In the fall I decided I would make myself a new wardrobe in the next year. From scratch – this means coming up with the designs, making the patterns and actually sewing the garment (It did not mean making the fabric – although it would be a dream to actually find the fabrics I want to work with).
So far I have……………….. a skirt.And the skirt is only made from my muslin fabric.
I also have a …………………….jacket – a muslin jacket that does not fit because the mechanical part of putting together the front of it did not make sense until I had tried to put together the muslin. Now I get it but need to find the time to try again with the pattern altered slightly and find another piece of inexpensive fabric to work with for the test garment.
But it is OK. I am enjoying the learning.
It is a good thing I didn’t tell myself I couldn’t wear anything I didn’t make myself. Because this is slow clothes. Makes you think about what life was like before ready to wear. Your clothes probably fit better but you better have planned way ahead if you needed something for a special occasion. Slow cooking – slow clothes – how did they do it?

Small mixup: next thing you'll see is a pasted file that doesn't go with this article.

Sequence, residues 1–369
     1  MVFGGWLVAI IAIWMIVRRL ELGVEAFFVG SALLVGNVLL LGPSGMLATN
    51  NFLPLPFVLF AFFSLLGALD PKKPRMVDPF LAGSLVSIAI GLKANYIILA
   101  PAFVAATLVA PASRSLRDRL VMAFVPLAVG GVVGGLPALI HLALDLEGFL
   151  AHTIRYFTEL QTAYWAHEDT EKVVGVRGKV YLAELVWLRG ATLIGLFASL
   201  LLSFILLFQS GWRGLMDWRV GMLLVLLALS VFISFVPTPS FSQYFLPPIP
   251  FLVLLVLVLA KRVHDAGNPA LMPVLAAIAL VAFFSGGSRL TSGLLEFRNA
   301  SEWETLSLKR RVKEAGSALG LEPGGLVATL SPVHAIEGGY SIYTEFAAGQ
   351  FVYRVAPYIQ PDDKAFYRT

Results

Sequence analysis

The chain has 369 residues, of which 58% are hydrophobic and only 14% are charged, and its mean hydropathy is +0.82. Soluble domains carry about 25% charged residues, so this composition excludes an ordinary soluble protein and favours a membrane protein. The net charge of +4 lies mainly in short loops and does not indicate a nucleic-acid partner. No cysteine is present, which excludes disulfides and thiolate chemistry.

Ready to wear doesn’t give us an appreciation for the sweat and tears that must go into the things we wear. From the raw materials being turned into cloth. From the original concept to the drawing, to the pattern maker, to the sample maker to the grader. Then sourcing appropriate fabrics or finding someone to manufacture what you need for a garment that may or may not sell. Textile makers guessing what will sell.
Then there is the actual factory floor where things are made. How can you be sure the process there wasn’t one of those horrors we hear about?
Then there are the hours spent by sales reps selling the clothes and warehouse and stock people getting the clothing on the shelves. I am getting exhausted writing about it.
Selling in volume to the masses is the only logical way to make a profit for many clothing companies. It explains why you can’t find a garment with pockets. It explains why it is hard to find a garment that fits. It explains why there is a lot of black.
Makes you wonder who got shorted when you buy that $20 dress. And it makes the hours spent producing my muslin skirt seem like nothing.
Have you ever thought about all the processes what you wear has gone through? And all the lives it has touched?